Steroid metabolism

Steroid metabolism

The pandemic of obesity threatens to reverse the downward secular trends in cardiovascular disease because of its associations with hyperglycaemia, dyslipidaemia and hypertension (the Metabolic Syndrome). Research in Edinburgh has focused on steroid hormones as mediators of the metabolic complications of obesity and the progression to cardiovascular disease (Ann Int Med 2004, PNAS 2005). Since the formation of the Centre for Cardiovascular Science (CVS) in 1997, this has become a major focus, with Wellcome Trust and BHF Programme Grants and infrastructural awards (BHF Int Physiol, WTCRF) facilitating translation from rodents to humans.

11b-HSD1 structureCurrent studies of 11b-HSD1 are focused on mechanisms for tissue-specific regulation, including in the vessel wall (see theme Vascular Injury Inflammation and Repair – Glucocorticoids and Vascular Remodelling), and the interplay between intra-adipose steroid signalling and intra-adipose inflammation (macrophage infiltration; with Dr Hughes & Professor Sir John Savill, CIR) and vascular dysfunction. Cell-specific transgenic models are being expanded. A BAC transgenic approach with mutagenesis in the mouse promoter is underway to dissect tissue-specific regulation, to be supplemented by locus substitution with low and high-risk human haplotypes. Real time imaging of tissue steroid metabolism in vivo by MRS is being developed with Chemistry and Physics support. Fatty acid and lipoprotein tracer techniques are established to dissect effects on ectopic fat accumulation and steatohepatitis (with Professor Iredale, CIR).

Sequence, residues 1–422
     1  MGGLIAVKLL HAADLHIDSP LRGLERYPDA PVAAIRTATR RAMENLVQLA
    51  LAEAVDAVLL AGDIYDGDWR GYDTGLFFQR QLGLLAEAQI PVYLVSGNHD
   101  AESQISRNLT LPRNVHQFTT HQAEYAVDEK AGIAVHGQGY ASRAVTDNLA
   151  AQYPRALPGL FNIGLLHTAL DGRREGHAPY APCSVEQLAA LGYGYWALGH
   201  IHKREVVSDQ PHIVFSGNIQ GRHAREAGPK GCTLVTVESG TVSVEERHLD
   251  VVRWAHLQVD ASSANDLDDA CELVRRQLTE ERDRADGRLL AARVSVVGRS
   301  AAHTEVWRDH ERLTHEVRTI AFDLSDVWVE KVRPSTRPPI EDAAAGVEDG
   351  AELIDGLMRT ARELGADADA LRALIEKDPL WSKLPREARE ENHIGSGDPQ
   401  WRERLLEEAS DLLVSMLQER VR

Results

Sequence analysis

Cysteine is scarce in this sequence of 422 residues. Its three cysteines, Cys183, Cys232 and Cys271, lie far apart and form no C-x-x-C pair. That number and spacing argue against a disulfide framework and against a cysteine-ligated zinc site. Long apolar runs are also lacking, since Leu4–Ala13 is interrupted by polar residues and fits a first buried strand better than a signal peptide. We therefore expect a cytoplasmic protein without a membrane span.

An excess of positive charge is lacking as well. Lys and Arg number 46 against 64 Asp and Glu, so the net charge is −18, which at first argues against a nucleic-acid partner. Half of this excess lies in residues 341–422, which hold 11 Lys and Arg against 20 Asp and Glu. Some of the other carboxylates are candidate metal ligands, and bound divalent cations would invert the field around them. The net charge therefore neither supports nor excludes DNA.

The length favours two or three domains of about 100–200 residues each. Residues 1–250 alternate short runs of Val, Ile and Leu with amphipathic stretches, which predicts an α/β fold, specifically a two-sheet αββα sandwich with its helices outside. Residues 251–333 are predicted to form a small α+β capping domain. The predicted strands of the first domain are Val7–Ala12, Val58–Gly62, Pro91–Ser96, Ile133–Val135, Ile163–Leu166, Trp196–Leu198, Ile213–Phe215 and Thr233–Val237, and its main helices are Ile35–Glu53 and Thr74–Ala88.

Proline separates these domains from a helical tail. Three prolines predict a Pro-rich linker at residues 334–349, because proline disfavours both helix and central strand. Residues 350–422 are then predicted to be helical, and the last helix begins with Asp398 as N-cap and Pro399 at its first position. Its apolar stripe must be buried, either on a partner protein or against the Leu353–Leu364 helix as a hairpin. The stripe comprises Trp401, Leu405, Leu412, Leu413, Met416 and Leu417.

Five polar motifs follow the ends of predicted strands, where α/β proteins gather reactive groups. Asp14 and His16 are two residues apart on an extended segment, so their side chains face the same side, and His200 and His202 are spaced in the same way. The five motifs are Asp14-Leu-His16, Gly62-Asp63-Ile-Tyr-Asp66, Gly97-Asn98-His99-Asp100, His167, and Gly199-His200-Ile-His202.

To understand the role of other steroid metabolising enzymes in adipose tissue, susceptibility to obesity and cardiometabolic disease is being explored in aromatase (with E Simpson, Clayton, Australia) and 5a-reductase (Dr Andrew) knockout mice. These are readily translated to humans using available pharmacology and novel stable isotope tracers (Professor Walker, Dr Andrew). Given recent data suggesting dysregulation of steroid receptor expression in obesity, complementary studies in adipose-selective glucocorticoid (Professor Chapman) and androgen receptor (Dr McInnes with Professor Saunders, Centre for Reproductive Biology) knockout mice are underway.